Phila. church hosts rally for racial justice


Amid local and national protests against frequent police killings of unarmed black citizens and grand jury decisions to not indict the officers involved, hundreds turned out recently for a dramatic speak-out event at New Vision UMC in Philadelphia. Nearly 250 people came to participate in the Rally and Call to Action for Racial Justice Dec. 10. The program, sponsored by the grassroots social-change organization POWER (Philadelphians Organized to Witness Empower and Rebuild) was titled Strange Fruit: The Seven Last Words of Seven Black Lives.

Featured preachers, poets and activists, including renowned local poet-laureate Sonia Sanchez (above), reflected on the last words of seven black men and women killed by police in 2014. The event was designed to "provide a space for healing, wholeness, understanding, and encouragement to our communities in light of the grand jury decisions of Michael Brown and Eric Garner, and to give us strength in our organizing for change."

While taking its inspiration from Christian tradition in which Jesus' death is remembered through his seven last words, the program included people of all faiths. It was modeled with permission on an event led by the Rev. Nyle Fort, and it was live-streamed on YouTube ad covered by local media. You can still view the two-hour program video at  or on POWER's Web site at .

Among the speakers, the Rev. Robin Hynica, pastor of Philadelphia's Arch Street UMC, offered a compelling, very personal, confessional prayer, which is reprinted here with his permission.

Introduction:  The Reverend, Dr. Mark Tyler, Senior Pastor, Mother Bethel African Methodist Episcopal Church invited me to offer the Christian prayer at the “Strange Fruit: The Seven last Words of Seven Black Lives” Interfaith Service on Wednesday, December 10, 2014 at the New Vision United Methodist Church.  That invitation led to a sleepless night and to a lifetime of soul searching days and nights ahead.  The prayer I am about to offer is incredibly personal.  I believe that only when the injustice we face becomes incredibly personal for each of us – will justice roll down like a mighty river. 

In the Christian tradition we are taught to pray:

“Our Father, our Mother, our Loving Parent hallowed be your name.  Your kingdom come.  Your will be done on earth as it is in heaven.  Give us this day our daily bread.  And forgive us our debts (sins) and we also have forgiven our debtors (those who have sinned against us).  And do not bring us to the time of trial, but rescue us from the evil one.”  Matthew 6:9-13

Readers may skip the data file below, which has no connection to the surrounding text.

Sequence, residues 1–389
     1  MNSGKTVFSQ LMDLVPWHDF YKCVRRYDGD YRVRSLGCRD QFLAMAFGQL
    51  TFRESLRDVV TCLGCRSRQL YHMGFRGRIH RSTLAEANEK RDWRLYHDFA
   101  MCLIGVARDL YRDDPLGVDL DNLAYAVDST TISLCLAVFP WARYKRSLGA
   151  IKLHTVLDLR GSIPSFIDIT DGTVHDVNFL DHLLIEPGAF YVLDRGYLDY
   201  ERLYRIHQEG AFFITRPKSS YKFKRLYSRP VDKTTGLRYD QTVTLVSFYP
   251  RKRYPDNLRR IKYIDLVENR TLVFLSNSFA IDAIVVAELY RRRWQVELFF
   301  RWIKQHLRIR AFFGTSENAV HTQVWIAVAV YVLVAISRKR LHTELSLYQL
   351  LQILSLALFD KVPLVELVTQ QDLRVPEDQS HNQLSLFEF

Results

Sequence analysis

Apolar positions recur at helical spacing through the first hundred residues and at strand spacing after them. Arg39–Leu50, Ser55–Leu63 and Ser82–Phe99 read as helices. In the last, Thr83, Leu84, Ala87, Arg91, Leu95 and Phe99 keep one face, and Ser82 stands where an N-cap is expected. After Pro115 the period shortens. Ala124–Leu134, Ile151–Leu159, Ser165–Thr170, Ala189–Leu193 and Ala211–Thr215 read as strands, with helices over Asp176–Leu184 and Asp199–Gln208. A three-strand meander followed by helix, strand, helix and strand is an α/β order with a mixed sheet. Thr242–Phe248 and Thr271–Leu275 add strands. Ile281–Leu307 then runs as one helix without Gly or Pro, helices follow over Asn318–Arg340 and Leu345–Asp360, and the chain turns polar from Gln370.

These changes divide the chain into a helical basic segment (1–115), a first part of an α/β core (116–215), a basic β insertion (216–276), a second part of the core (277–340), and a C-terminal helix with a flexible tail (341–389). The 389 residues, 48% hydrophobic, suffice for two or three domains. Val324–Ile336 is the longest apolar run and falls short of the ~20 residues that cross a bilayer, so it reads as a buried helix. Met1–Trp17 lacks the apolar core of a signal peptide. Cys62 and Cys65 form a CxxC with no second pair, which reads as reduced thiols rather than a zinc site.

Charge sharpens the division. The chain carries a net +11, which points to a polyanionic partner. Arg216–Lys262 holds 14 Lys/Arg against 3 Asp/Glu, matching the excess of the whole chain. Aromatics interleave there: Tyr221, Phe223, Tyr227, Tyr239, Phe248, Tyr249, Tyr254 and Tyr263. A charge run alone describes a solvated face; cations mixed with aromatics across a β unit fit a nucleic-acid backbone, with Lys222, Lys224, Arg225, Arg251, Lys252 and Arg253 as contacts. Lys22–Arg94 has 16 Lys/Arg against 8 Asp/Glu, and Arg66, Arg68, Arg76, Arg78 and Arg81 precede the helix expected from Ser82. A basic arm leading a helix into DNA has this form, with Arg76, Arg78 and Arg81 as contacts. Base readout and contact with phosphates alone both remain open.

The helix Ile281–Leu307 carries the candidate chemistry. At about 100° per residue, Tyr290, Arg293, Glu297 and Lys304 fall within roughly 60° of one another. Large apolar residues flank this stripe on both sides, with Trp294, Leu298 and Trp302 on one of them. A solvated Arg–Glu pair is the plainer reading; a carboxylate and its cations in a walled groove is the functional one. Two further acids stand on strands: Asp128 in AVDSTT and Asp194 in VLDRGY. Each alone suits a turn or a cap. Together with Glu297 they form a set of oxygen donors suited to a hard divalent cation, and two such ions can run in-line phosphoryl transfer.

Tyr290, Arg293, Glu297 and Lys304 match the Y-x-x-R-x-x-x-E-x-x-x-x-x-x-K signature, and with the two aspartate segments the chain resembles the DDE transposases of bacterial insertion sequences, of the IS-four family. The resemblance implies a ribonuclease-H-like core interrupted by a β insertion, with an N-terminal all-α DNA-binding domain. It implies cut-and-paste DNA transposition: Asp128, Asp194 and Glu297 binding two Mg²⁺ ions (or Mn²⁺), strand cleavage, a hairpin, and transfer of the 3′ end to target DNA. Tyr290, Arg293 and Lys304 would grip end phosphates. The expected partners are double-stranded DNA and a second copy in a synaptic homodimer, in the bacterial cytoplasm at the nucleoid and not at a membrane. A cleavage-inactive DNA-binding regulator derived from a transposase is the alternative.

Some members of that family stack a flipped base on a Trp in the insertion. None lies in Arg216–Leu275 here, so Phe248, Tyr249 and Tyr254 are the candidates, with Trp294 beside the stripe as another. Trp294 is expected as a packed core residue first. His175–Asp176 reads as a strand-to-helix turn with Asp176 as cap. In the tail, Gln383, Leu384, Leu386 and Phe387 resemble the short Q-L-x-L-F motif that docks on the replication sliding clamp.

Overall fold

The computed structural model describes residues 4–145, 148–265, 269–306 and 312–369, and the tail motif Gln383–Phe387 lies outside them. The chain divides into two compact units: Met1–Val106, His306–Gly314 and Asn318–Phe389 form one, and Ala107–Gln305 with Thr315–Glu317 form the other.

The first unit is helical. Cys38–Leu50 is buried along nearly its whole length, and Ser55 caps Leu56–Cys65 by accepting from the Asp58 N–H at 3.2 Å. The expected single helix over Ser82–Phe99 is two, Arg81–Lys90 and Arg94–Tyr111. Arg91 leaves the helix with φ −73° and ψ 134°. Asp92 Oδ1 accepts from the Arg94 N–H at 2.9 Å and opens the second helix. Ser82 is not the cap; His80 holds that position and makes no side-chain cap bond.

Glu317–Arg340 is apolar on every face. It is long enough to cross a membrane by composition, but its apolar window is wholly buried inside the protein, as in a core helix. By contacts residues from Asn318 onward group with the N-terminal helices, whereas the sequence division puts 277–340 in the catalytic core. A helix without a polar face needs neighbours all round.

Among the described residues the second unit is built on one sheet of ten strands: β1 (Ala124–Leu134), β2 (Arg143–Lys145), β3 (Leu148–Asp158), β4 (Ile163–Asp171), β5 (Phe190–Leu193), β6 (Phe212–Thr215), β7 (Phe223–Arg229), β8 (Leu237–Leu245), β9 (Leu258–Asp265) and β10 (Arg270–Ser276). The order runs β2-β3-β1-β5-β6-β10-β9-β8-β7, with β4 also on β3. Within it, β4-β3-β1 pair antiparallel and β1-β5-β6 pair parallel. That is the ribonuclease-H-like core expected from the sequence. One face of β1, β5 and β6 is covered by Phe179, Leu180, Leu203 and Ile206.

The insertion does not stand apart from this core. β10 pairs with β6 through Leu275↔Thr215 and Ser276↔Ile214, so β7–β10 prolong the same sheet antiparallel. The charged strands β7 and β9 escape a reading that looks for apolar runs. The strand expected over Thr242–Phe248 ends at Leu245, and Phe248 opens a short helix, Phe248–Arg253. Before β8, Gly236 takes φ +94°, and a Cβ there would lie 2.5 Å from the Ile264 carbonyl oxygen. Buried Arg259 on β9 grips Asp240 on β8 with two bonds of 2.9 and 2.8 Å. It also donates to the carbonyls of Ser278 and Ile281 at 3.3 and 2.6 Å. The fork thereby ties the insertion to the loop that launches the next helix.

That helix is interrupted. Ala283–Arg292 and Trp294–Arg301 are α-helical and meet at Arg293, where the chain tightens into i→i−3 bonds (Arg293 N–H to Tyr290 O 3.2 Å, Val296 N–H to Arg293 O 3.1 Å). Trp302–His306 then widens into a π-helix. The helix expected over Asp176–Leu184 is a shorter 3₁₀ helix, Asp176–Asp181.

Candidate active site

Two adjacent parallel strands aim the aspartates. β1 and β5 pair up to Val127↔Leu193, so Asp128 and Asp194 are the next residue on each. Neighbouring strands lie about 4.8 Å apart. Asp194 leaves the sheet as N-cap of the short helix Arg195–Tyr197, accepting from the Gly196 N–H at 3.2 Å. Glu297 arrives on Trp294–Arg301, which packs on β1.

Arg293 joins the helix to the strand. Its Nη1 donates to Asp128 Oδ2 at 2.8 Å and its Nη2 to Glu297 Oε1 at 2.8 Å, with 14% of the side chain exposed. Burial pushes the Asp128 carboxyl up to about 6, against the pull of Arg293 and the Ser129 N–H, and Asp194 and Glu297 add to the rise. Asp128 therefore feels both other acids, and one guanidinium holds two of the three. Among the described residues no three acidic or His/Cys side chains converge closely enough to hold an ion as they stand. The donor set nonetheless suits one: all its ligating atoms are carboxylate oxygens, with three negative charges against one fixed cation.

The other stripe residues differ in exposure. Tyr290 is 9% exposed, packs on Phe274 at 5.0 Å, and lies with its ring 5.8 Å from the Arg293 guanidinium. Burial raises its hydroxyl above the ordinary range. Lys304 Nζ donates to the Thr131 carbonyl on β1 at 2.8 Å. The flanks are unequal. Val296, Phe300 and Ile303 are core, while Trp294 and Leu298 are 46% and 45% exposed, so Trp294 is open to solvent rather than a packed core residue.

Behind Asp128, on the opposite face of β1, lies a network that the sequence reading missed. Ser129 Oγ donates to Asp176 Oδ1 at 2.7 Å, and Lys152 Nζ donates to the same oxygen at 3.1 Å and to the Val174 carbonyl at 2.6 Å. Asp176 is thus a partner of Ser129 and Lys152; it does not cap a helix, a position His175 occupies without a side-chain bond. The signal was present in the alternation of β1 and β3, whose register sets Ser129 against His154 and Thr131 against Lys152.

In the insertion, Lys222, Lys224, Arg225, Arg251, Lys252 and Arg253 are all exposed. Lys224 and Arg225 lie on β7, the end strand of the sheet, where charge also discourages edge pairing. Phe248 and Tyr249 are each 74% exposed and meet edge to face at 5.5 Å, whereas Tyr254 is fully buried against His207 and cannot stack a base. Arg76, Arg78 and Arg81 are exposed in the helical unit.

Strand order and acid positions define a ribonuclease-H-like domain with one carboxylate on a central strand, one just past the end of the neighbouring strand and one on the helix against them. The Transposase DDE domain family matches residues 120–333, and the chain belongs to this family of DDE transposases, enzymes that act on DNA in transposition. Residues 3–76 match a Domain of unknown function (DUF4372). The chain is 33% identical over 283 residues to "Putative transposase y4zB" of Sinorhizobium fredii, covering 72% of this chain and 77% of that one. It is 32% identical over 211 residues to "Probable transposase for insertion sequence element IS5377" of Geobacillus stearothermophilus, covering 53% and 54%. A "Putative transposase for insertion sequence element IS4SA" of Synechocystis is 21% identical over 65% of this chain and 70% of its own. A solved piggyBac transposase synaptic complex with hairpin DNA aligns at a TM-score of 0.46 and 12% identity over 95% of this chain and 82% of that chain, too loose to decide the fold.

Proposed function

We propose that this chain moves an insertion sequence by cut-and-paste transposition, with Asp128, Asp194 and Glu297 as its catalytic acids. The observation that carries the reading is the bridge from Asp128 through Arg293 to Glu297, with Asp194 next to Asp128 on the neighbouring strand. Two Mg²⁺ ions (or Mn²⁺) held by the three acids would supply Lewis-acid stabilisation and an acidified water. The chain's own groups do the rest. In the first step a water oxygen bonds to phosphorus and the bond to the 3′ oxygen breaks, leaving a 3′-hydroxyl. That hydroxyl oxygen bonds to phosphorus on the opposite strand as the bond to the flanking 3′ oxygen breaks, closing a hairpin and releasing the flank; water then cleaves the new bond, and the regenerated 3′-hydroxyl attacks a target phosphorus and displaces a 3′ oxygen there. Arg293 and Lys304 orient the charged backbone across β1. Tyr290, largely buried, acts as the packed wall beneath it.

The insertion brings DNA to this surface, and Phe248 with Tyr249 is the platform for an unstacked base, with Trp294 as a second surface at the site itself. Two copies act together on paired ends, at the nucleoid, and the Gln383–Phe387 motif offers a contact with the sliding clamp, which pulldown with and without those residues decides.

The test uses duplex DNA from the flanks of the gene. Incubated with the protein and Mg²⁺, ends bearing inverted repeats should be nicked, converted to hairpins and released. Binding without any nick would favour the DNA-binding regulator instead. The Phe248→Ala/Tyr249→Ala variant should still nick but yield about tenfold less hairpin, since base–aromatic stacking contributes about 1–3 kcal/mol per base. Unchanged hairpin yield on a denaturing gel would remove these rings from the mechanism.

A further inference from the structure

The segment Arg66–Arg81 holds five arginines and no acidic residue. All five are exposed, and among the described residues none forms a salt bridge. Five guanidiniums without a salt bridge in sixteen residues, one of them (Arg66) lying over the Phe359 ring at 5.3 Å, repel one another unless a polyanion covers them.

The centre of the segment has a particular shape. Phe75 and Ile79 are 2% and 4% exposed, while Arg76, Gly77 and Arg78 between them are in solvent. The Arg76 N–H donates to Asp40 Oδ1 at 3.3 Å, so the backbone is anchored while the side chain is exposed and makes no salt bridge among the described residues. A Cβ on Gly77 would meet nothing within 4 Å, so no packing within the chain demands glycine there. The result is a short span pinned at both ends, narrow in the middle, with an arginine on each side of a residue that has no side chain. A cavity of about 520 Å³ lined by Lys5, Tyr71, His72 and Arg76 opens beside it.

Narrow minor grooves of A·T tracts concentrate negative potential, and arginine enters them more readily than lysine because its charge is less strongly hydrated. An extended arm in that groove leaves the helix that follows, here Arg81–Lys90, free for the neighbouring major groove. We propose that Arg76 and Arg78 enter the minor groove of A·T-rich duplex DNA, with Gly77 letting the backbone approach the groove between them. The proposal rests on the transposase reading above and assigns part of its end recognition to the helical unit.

Hear my prayer O God as a man white, privileged and too often silent in the face of social systems that call torture – enhanced interrogation; that claim stop and frisk – is a public safety strategy;  that consider corporations the same as individuals; that proclaim banks are too big to fail but public schools are too small to save; that say voter identification laws protect democracy; that say living wages hurt the economy; that determine that applying choke holds to or shooting unarmed black and brown men, women and youth is just the tragic but logical, just result of police training and policy.

O God, how does this happen? How can this be?  All lies, all false, all wrong – and yet all alive and well.  And Michael Brown, Eric Garner, Trayvon Martin, Amadou Dialo, Oscar Grant, Renisha McBride, Shantel Davis, John Crawford and too many others are dead.  It’s me; it’s me; it’s me O Lord standing in the need of prayer.  It’s me and every other white man who stands down in the face of the sinister strategies mentioned above, who stands in the need of an old fashioned calling out.  Oh God, White Priviledge is alive well and it’s me.  How can I die-in, lay down in solidarity with persons of color, who every day instead of daily bread get a daily dose of indignity and discrimination.  How can I worship with any spiritual integrity or human authenticity when I won’t stand up to my own and to my own’s wicked whiteness?

Dear God, rescue me from the evil one–the White me that accepts a world view that is laced with white privilege.  Rescue me from wanting my colorful neighbors to teach me about racism, when I know for a fact that my white, privileged predecessors institutionalized racism all on their own without the help of persons of color.  Rescue me and others like me from my/our soulless silence and set us on a long and arduous journey of truth and reconciliation. Prepare me to wrestle with the demon of all demons the White me, the White us that sees but turns a blind eye, that hears but fails to listen and knows but willfully ignores the truth of the life and death consequences of racism in general and white privilege in particular.  Oh God, Oh God, have mercy on my soul.  No God, No God, not mercy but justice on my soul.


Prayer written by Robin M .Hynicka, Senior Pastor Arch Street United Methodist Church on Wednesday, December 10, 2014 for the “Strange Fruit: The Seven last Words of Seven Black Lives” Interfaith Service sponsored by POWER (Philadelphians Organized to Witness Empower and Rebuild).